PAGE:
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Senior Management

Government in Business: Friend or Foe?

Should governments be in business? What is the proper role of the state in the economy? How can governments best foster growth and development without being too intrusive? These questions are as old as the economics discipline itself. However, they are as relevant to both developed and developing countries as ever. While standard economic theory often prescribes that governments should maintain an arms-length relationship with businesses, the reality in most developing countries is that financial markets are not sufficiently mature, private sector capacity is often weak, and the state may be the only actor that can mobilise resources for national development, and often for the long haul. The experience of the East Asian Tiger economies in the second half of the 20th century, as well as China’s rapid development in the last thirty years, suggests that government activism and involvement are often prerequisites for successful development. If nothing else, they are catalytic in purpose.

How then should governments be involved without crowding out private sector initiative? How can governments develop commercial capabilities without wastage of precious resources or creating incentives for rent-seeking and corruption? When should governments be involved and when should they exit? And, if it is to be involved, what form should that involvement take? Should the government focus on being a regulator? Or, should it also be a purchaser, a promoter, a partner, and a shareholder? Does a higher level of government involvement in business help or hinder a country’s development?

This five-day programme at the LKY School for senior officials involved in regulating, governing or managing state-owned and government-linked enterprises takes a pragmatic, rather than ideological, approach to understanding the role of government in business. This programme, taught mostly by former senior practitioners of the Singapore government, suggests that there are few universal or one-size-fits-all answers to the complex questions above. Instead, a sensitivity to context, a willingness to question economic orthodoxy, and the ability to adapt the economic policies of a country to changing circumstances are key to managing the relationship between government and business in a way that advances a country’s economic development.

Lee Kuan Yew School of Public Policy National University of Singapore 469C Bukit Timah Road Singapore 259772

Mon 10 July 2017 to Fri 14 July 2017

12:00 AM - 12:00 AM

Fri 16 June 2017

At the end of this five-day programme, participants can expect to:

  • Appreciate the various roles of government in business and the contexts in which each of these roles are more (or less) important;
  • Understand the considerations and constraints of government being in business, and identify clearly the arguments for entry or exit;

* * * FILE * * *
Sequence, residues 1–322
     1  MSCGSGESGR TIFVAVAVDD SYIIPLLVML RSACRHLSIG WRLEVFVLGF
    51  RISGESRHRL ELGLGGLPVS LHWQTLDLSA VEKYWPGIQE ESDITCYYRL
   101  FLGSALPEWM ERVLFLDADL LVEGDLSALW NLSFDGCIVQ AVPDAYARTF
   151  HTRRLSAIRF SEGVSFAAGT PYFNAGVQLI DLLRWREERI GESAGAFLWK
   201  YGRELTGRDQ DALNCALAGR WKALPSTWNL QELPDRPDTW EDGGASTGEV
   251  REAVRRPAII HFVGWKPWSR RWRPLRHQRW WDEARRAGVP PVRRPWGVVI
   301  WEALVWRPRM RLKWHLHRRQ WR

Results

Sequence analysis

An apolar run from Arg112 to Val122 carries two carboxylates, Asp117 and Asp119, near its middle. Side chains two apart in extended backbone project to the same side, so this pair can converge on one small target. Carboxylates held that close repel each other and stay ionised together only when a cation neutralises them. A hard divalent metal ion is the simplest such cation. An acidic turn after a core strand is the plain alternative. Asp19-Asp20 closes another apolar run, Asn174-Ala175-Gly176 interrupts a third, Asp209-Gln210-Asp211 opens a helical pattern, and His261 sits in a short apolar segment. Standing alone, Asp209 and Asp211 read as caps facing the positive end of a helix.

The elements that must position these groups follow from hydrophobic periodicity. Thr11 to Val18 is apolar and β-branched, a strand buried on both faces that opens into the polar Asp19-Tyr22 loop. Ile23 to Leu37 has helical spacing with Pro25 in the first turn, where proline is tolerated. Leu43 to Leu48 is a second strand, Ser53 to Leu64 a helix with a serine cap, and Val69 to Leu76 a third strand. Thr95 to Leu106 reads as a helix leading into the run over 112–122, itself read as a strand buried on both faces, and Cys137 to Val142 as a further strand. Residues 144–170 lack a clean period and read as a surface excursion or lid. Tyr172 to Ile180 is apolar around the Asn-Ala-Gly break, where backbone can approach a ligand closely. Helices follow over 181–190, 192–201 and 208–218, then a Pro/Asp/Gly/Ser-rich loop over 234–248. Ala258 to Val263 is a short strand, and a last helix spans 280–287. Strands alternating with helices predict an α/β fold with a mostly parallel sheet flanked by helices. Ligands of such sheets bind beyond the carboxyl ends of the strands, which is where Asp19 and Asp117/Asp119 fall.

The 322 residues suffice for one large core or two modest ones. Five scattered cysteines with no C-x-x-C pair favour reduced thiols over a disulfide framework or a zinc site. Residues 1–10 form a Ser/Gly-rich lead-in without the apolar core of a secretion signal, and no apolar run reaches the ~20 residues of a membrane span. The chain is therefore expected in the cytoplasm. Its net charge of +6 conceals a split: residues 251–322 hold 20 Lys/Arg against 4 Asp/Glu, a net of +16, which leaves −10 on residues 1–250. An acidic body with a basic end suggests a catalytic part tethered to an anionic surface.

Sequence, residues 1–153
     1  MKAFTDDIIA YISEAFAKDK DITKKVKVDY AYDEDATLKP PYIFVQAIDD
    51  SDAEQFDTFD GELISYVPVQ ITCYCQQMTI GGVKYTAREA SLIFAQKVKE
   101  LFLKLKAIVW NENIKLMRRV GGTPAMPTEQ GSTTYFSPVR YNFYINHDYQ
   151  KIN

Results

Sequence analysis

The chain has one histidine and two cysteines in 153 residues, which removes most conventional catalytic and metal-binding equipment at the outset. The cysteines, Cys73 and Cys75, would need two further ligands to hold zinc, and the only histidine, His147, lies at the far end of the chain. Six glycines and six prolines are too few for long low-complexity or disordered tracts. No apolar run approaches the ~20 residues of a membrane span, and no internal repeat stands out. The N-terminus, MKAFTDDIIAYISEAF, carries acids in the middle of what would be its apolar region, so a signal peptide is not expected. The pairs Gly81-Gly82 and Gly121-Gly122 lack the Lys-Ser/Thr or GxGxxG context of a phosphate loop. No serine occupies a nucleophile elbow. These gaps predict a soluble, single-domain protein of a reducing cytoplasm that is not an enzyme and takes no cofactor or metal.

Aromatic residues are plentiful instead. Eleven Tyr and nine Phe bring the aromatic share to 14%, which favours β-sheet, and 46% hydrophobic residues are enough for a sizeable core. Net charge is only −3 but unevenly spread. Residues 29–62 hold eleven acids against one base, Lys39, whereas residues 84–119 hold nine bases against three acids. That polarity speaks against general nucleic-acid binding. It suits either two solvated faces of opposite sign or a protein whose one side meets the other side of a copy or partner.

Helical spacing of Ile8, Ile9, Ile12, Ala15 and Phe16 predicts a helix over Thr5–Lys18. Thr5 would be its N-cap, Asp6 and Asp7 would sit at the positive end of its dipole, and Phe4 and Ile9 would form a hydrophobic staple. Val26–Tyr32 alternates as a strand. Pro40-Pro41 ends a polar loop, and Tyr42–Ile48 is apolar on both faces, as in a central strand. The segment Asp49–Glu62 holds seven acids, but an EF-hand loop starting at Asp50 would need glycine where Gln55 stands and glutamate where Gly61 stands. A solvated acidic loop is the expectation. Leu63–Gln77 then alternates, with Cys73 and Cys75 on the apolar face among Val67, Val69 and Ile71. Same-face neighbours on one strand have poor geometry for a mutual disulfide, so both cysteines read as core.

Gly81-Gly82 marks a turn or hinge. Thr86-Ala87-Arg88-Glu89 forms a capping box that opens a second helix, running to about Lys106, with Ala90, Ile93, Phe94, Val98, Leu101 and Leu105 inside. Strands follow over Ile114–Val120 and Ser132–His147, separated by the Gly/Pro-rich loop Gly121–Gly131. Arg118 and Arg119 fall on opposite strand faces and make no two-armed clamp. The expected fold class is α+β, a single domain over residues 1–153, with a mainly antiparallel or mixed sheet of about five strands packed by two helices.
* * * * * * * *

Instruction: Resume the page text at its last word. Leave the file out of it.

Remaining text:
• Develop practical, empirically-grounded insights into the risks and pitfalls of government in business; and
  • Gain exposure to Singapore’s experience in managing government-business relations, and appreciate its strengths and limitations.

The programme is structured around the four main roles of the government in business: regulatingpartneringstewarding, and promoting. Each of these roles will be examined through intensive discussions with experts and practitioners, most of whom have held senior positions in the Singapore government. The classroom sessions would be complemented by learning journeys to a variety of entities in Singapore that reflect the differing relationships between government and business.

Participants are expected to deepen their understanding of the often-complex relationship between government and business, especially in the context of emerging markets, and become more reflective of their own organisation and country contexts.

This programme is designed for senior managers, policymakers and regulators in government, particularly those from the ministries of finance, infrastructure, the economy and planning. Senior managers and executives from sovereign wealth funds, state-owned enterprises as well as banks and private investment entities would also benefit from the various discussions straddling the public-private divide.

Programme cost:

S$6,248 + 7% GST#;

S$5,623.20 +7% GST#(for group registrations of 3 and above)

# Goods and Services Tax (GST) is applicable for Singapore-based participants and overseas participants who are self-funded or sponsored by a Singapore organisation.

Contact:

Executive Education Department
Lee Kuan Yew School of Public Policy
National University of Singapore
469C Bukit Timah Road, Singapore 259772

Tel: (65)6516 6458/ (65) 6601 1183
Fax: (65) 6872 9291
Email:lkysppep@nus.edu.sg

Application Deadline:16 Jun 2017

lim-hwee-hua-r

Mrs Lim Hwee Hua

Former Minister, Singapore Visiting Distinguished Fellow, Lee Kuan Yew School of Public Policy

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Lam-Chuan-Leong-SMP

Professor Lam Chuan Leong

Professor (Practice), LKY School

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tan_yong_soon

Mr. Tan Yong Soon

Former Permanent Secretary, Singapore Adjunct Professor, Lee Kuan Yew School of Public Policy

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donald-low

Donald Low

Associate Dean (Executive Education & Research) & Associate Professor (Practice), Lee Kuan Yew School of Public Policy

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ong_boon_hwee_r

Mr. Ong Boon Hwee

Chief Executive Officer, Stewardship Asia

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stephen-wermert-150x150

Mr. Stephen Wermert

PPP Specialist and Consultant

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